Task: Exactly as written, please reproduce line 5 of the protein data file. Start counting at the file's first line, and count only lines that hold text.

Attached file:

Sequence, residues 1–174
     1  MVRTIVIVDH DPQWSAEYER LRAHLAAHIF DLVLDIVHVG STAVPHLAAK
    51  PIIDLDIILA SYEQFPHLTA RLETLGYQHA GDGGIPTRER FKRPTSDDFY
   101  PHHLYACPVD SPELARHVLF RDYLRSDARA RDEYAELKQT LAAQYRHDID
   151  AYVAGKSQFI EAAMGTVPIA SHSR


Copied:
   151  AYVAGKSQFI EAAMGTVPIA SHSR